The Three Musketeers | Study Guide

Alexandre Dumas

Download a PDF to print or study offline.

Study Guide
Cite This Study Guide

How to Cite This Study Guide

quotation mark graphic
MLA

Bibliography

Course Hero. "The Three Musketeers Study Guide." Course Hero. 28 Nov. 2016. Web. 17 July 2018. <https://www.coursehero.com/lit/The-Three-Musketeers/>.

In text

(Course Hero)

APA

Bibliography

Course Hero. (2016, November 28). The Three Musketeers Study Guide. In Course Hero. Retrieved July 17, 2018, from https://www.coursehero.com/lit/The-Three-Musketeers/

In text

(Course Hero, 2016)

Chicago

Bibliography

Course Hero. "The Three Musketeers Study Guide." November 28, 2016. Accessed July 17, 2018. https://www.coursehero.com/lit/The-Three-Musketeers/.

Footnote

Course Hero, "The Three Musketeers Study Guide," November 28, 2016, accessed July 17, 2018, https://www.coursehero.com/lit/The-Three-Musketeers/.

The Three Musketeers | Character Analysis

Share
Share

D'Artagnan

D'Artagnan, a headstrong young man from the impoverished Gascon aristocracy, goes to Paris with dreams of joining the Musketeers. Three inseparable Musketeers become his new best friends and mentors, along with their captain, Treville. Even though he joins the guard, d'Artagnan knows he must distinguish himself somehow to achieve his dream of becoming a Musketeer. He sees his opportunity when Bonacieux asks for help finding his kidnapped wife. This mission draws d'Artagnan and his friends into court intrigue and the rivalry between the king and the cardinal. D'Artagnan defeats various expert swordsmen in the cardinal's guard, and makes a heroic journey to get the queen's diamonds from the duke. Over time, d'Artagnan takes on an increasing leadership role in his friend's group. When d'Artagnan becomes infatuated with Milady and eventually crosses her, he must sidestep her revenge attempts. D'Artagnan and Athos enact a plan to punish Milady and to end her evil ways. The cardinal admires d'Artagnan's initiative, giving him a commission to be a lieutenant in the Musketeers.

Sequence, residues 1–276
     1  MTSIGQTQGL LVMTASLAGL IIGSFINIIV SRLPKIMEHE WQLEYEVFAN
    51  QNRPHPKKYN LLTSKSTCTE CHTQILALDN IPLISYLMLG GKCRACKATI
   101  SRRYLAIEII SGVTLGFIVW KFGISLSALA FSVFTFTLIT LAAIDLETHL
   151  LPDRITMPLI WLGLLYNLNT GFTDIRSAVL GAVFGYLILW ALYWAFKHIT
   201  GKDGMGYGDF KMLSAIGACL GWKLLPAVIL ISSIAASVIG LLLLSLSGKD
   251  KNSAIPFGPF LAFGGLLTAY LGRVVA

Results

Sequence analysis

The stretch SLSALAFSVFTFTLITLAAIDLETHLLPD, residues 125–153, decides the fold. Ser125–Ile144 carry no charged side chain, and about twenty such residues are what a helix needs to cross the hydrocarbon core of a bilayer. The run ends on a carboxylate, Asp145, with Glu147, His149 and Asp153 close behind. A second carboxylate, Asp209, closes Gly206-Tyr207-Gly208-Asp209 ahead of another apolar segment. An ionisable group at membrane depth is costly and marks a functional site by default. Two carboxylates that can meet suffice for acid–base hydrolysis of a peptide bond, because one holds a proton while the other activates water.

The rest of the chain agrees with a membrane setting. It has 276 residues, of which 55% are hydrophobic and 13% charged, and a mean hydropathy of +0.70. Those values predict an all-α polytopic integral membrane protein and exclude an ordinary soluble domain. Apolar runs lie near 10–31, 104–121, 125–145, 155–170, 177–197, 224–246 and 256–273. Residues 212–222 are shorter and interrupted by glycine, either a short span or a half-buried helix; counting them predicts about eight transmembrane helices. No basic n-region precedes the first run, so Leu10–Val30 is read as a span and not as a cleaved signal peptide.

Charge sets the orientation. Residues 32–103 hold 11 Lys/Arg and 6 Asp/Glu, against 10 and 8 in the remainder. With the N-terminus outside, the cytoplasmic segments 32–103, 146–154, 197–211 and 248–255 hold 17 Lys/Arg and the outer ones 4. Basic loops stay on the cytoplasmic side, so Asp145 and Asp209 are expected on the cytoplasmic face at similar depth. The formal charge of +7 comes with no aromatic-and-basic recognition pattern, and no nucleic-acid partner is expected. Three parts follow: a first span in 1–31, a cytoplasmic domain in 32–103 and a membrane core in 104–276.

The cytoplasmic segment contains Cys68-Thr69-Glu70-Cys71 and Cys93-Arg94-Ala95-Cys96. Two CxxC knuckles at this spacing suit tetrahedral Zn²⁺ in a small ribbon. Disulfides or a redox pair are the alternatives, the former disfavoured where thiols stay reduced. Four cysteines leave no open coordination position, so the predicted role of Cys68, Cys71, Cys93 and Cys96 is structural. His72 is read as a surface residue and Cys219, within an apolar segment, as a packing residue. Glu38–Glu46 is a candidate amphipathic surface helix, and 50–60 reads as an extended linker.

Athos

Athos is calm, measured, and circumspect in contrast to d'Artagnan's hotheaded impulsiveness. He is a father figure to d'Artagnan but also admires him. Athos, representing the past, has left behind an aristocratic life of luxury to become a Musketeer. He is a man of few words and dark moods, hinting of some tragedy, but he keeps his secrets to himself for most of the book. Athos later reveals the cause of his fixation on the past: he had hanged his young bride after discovering she had the mark of a convict. He and d'Artagnan realize Milady is Athos's wife (who inexplicably survived). Athos confronts her at the Red Dovecot and takes her carte blanche. Later, he spearheads the hunt for Milady and brings her to trial. Athos returns to his aimless and unambitious life as a Musketeer, happy to forego a commission and serve under d'Artagnan. The epilogue shows Athos retired and leading a quiet life, having acquired a small piece of land.

Porthos

Large, strong, and good-looking, Porthos uses his natural gifts to his advantage by securing a bright future through a wealthy mistress, Mme. Coquenard. She keeps him well fed and handsomely outfitted. When he eats thin soup for dinner at her house, Porthos fears the wealth of her elderly husband is not what he hoped. Although he is as brave and loyal as the other Musketeers, Porthos is somewhat hapless in following the thread of conversations or Athos's plans toward the end of the book. Porthos's real genius is keeping Mme. Coquenard enthralled by hinting at all the rich noblewomen who want him. The epilogue shows Porthos, having left the service, about to marry the recently widowed Mme. Coquenard and her enormous fortune. Representing hope for the future, Porthos looks ahead to opulence and security.